By Wayne Muntz of Riverton, May 29, 2013.
Approximately one year ago, while driving to Invercargill to catch a 7am plane, I was looking south toward Awarua/Bluff on a very dull and dark morning, with the driving lights on. There was a 3-colour rainbow, shaped like a building-block, that was perpendicular to the ground. It was purple/reddish yellow and blue. Because of the low heavy clouds it disappeared into them. It was not a natural rainbow.
The Unwin Radar is located at Awarua, 10 minutes north of Bluff, so I surmised that it may have been the cause of this unnatural effect. I then began researching the phenomenon.
What I witnessed looked like this below, except it was perpendicular to the ground.
Unwin is part of the Super Dual Auroral Radar Network (SuperDARN), an international radar network for studying the upper atmosphere and ionosphere that operates in the High Frequency(HF) bands between 8 and 22 MHz.
The radar and associated research provides greater understanding of atmospheric weather, to assist with weather prediction, prediction of telecommunication interference and provide a better understanding of the effects of atmospheric magnetic fields on power grid management.
Bursts of short-wave radio pulses are transmitted from the radar in a southern arc that includes theSouth Magnetic Pole. The ensuing reflections from micro-meteorites, the ionosphere, ocean andaurora are detected at the station and resolved there.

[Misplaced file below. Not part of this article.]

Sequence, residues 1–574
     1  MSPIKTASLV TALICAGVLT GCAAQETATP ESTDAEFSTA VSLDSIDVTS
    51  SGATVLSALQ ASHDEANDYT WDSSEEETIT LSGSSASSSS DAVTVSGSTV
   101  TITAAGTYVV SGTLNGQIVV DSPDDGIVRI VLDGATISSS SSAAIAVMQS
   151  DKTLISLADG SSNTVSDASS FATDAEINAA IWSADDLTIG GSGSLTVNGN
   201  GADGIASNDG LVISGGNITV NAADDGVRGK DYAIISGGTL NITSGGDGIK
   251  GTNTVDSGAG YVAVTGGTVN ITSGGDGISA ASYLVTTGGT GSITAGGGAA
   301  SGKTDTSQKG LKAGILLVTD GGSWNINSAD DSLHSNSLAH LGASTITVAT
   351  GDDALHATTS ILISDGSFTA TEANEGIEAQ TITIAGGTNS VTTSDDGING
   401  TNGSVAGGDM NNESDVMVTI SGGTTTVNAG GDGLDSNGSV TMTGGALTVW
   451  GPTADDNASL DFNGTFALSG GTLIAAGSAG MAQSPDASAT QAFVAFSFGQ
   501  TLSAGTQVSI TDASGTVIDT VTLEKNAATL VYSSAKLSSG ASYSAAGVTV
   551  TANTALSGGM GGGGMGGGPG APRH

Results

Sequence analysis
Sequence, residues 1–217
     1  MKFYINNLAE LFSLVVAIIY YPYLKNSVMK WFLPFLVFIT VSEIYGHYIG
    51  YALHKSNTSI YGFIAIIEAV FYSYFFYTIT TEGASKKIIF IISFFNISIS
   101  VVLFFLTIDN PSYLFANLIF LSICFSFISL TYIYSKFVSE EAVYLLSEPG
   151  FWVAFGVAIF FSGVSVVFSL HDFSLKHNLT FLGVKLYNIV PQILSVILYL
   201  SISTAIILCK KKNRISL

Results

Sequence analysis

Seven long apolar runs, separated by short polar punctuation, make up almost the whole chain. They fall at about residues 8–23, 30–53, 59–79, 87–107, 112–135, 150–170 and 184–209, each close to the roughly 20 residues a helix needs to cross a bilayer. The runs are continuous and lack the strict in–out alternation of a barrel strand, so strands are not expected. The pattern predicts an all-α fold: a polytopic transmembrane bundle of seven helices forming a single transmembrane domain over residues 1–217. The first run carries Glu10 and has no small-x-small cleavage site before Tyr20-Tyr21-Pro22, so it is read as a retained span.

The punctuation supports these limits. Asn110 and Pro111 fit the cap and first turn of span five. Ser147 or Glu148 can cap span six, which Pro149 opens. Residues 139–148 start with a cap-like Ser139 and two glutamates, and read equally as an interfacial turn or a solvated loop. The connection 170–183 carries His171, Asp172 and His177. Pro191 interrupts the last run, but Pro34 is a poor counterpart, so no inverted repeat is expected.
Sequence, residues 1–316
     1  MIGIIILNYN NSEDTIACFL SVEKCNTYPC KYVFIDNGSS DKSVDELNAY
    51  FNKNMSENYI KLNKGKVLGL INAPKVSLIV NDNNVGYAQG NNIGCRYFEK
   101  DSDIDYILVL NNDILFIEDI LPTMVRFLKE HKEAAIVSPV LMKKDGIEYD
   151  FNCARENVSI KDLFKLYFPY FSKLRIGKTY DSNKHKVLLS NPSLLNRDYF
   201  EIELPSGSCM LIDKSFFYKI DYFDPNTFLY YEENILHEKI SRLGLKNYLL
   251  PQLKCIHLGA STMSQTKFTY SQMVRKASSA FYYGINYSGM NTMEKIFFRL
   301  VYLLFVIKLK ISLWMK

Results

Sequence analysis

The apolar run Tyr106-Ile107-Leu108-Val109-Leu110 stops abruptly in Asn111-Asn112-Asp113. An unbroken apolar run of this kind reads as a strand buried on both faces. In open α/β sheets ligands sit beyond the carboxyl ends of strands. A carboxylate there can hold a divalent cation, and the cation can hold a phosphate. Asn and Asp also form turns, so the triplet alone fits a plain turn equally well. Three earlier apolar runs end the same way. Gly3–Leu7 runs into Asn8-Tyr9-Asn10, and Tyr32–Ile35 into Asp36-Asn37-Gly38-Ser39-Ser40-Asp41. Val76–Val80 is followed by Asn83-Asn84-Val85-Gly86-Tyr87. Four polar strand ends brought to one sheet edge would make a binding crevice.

The TIGER-Unwin is a monostatic, pulsed radar that operates in the 8 MHz – 20 MHz range. The transmitting antenna consists of an array of 16 log periodic antennas.
- These antennas form a narrow beam ~4 degrees (at 12 MHz) that is swept across the radar footprint in 16 steps (one step per antenna array).
- In the vertical direction the beam is ~30 degrees with a maximum in the range of 15 degrees (at 20 MHz) to 35 degrees (at 8 MHz).
An additional four antennas placed some distance behind the transmitting array. These antennas are used to form an interferometer receiving array that measures the elevation angle of echoes. In the standard operation mode the radar uses frequency hopping where the transmission frequency changes to accommodate changing ionospheric conditions. This frequency hopping is done by ongoing scanning the frequency band to determine automatically which channels are free of interference and provide the best coverage.
The data from Unwin is transmitted back to La Trobe University where it is made available over the Internet to users. The Unwin Radar and its counterpart at Bruny Island in Tasmania form theTasman International Geospace Environment Radar (TIGER).
The Southland region is regarded as an ideal location for such a facility because of the southerly aspect, low radio noise and unobstructed horizon.
Also at Awarua: